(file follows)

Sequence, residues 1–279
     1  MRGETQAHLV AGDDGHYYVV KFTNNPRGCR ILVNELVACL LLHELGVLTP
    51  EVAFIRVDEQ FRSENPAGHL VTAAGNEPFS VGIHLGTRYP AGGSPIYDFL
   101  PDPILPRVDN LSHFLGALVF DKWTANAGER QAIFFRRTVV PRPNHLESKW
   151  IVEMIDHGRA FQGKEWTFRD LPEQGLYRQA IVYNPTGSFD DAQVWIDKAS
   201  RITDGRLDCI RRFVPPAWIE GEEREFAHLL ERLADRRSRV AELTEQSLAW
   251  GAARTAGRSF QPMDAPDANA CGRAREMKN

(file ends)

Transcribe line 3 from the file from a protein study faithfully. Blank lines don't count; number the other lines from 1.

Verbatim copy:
    51  EVAFIRVDEQ FRSENPAGHL VTAAGNEPFS VGIHLGTRYP AGGSPIYDFL